A finance charge simply refers to the interest you are charged on a debt you owe, and it's generally used in the context of credit card debt. A finance charge is calculated using your annual percentage rate, or APR, along with the amount of money you owe and the time period being considered.
What is a finance charge?
Technically speaking, a finance charge is any charge that is included in the cost of borrowing money, such as accrued interest as well as fees related to borrowing the money, such as transaction fees. In practice, though, a finance charge is typically a synonym for "interest charge," although in some cases, it can include late fees or other charges.
With credit cards, your finance charge is the interest that has accrued during that particular billing cycle on the money you owe.
How your credit card finance charge is calculated
Your credit card finance charge depends on a few factors – specifically, your annual percentage rate, or APR, the amount of your debt, and how much time there was in the billing cycle.
There are a few possible ways that credit card issuers can compute your finance charge, but most compute it on a daily basis using the "average daily balance" method.
- First, your APR is divided by 365 (or 360 in certain cases) to determine your daily rate. For example, a credit card APR of 17.99% would translate to a 0.049% daily interest rate.
- Next, the daily interest rate is multiplied by the number of days in the statement billing cycle to determine your interest rate for each particular finance charge. Continuing the previous example, if there were 30 days in the billing cycle, a 17.99% APR would translate to an interest rate of 1.479% for the billing statement.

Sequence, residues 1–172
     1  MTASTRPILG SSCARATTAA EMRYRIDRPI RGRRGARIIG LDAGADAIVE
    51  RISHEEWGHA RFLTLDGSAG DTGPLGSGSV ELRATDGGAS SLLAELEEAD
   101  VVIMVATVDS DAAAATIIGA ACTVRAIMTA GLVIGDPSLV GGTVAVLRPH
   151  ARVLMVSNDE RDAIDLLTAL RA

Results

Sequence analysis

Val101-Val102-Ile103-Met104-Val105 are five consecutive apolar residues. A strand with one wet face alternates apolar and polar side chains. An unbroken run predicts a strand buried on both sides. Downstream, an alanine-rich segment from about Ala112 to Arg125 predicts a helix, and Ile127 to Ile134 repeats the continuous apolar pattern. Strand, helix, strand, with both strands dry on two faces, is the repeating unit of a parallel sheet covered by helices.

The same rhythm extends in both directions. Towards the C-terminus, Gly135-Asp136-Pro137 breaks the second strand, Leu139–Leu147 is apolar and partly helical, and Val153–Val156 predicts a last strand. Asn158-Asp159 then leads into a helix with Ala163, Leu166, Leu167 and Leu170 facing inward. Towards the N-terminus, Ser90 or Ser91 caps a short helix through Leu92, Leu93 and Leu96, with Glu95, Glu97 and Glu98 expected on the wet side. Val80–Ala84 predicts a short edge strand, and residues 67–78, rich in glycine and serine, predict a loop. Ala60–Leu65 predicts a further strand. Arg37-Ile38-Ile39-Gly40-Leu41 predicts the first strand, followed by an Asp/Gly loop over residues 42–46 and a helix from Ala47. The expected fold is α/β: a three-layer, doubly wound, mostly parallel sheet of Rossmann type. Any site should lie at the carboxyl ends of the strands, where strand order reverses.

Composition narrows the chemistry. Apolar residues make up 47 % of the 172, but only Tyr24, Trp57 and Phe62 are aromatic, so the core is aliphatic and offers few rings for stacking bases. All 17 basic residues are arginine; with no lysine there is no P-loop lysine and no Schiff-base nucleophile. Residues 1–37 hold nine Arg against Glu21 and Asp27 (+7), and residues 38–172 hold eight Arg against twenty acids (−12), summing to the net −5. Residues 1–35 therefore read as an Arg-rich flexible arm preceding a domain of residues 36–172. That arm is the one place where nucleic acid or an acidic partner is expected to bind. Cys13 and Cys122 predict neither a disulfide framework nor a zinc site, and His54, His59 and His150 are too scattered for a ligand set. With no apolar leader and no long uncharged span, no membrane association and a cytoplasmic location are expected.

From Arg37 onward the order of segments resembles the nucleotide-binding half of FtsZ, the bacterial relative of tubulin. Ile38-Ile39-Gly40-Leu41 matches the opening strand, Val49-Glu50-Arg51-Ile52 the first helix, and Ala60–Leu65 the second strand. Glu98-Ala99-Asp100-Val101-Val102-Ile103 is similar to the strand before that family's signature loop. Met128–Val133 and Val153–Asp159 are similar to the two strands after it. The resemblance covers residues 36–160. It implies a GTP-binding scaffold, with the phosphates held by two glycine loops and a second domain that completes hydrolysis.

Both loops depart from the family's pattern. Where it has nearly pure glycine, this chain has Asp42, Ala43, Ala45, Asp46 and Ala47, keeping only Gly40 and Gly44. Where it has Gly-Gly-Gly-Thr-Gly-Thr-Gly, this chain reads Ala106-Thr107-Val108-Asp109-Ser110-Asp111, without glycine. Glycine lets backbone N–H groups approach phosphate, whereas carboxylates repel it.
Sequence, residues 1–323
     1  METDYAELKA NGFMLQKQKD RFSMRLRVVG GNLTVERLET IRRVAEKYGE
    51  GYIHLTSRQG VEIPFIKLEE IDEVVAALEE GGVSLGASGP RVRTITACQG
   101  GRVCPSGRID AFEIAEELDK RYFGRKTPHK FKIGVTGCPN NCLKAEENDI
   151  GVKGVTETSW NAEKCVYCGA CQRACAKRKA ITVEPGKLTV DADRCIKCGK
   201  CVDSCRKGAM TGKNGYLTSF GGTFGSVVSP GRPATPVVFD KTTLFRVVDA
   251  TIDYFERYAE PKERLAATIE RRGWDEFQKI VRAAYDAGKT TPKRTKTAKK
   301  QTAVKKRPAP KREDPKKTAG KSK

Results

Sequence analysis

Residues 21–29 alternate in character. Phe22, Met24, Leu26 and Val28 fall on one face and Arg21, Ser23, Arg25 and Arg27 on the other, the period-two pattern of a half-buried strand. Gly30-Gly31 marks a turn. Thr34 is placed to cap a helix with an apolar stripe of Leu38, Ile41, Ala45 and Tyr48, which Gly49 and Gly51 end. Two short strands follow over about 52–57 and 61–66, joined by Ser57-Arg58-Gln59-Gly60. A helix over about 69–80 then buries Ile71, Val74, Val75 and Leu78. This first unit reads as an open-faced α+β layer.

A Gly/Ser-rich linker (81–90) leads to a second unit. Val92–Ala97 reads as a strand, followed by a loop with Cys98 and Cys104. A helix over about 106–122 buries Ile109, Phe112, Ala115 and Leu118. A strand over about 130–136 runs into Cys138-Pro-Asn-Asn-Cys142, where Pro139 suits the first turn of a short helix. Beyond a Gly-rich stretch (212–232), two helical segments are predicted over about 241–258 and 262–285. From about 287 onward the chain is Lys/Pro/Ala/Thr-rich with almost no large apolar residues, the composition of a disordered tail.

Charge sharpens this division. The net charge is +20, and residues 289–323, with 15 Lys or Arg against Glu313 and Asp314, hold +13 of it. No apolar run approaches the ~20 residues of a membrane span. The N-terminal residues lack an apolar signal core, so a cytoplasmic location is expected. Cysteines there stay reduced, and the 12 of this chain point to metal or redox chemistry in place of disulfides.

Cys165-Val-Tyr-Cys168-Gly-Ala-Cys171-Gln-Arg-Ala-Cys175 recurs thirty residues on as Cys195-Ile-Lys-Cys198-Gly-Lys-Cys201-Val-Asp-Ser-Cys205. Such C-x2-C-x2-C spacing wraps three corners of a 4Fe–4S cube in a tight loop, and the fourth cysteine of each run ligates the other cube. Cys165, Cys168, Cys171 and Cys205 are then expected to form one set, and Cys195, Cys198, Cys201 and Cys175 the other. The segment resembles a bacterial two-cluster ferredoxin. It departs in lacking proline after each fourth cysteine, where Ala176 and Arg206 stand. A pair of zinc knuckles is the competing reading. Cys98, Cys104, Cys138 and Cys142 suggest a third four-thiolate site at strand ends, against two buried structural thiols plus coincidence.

- Finally, this rate is multiplied by the amount of debt that is subject to your APR. If you owed $5,000 in our example, you would be assessed a finance charge of $73.95 on your billing statement.
It's also worth mentioning that many credit cards have promotional interest rates (more on that in the next section), as well as different APRs that apply to cash advances. Also, most credit card interest rates are variable, meaning that they can change over time along with a certain benchmark, such as the U.S. Prime Rate.
How to avoid paying finance charges on your credit cards
Other than the obvious answer of "don't charge anything on your credit cards," there are a couple of ways to actually use your credit cards and avoid paying finance charges.
First, by paying your credit card balance in full every month before your credit card's grace period runs out, you can avoid any finance charges. Most credit cards' grace periods are between 21 and 25 days, and you should be able to easily locate yours on your billing statement.
Alternatively, if you need to carry a credit card balance, there are many cards that offer 0% intro APRs for certain amounts of time. Many offers extend for 12 months or longer, and as I write this, there are 0% intro APR offers for as long as 21 months. With competition in the credit card industry at an all-time high, these offers are evolving quite rapidly, so be sure to check out the latest and best 0% intro APR offers. There are also some 0% intro APR offers specifically geared toward balance transfers, if you have an existing credit card debt that you'd like to avoid finance charges on.
During the card's promotional period, you won't be assessed any finance charges on qualifying purchases (generally, cash advances don't qualify), even if you carry a balance. Once the promotional 0% intro APR period ends, the balance will start to accrue interest at your standard APR.
Credit card finance charges can be rather high, with the average APR in the neighborhood of 15%. So, if you can avoid finance charges through one of the two methods discussed here, it could certainly be a smart move.
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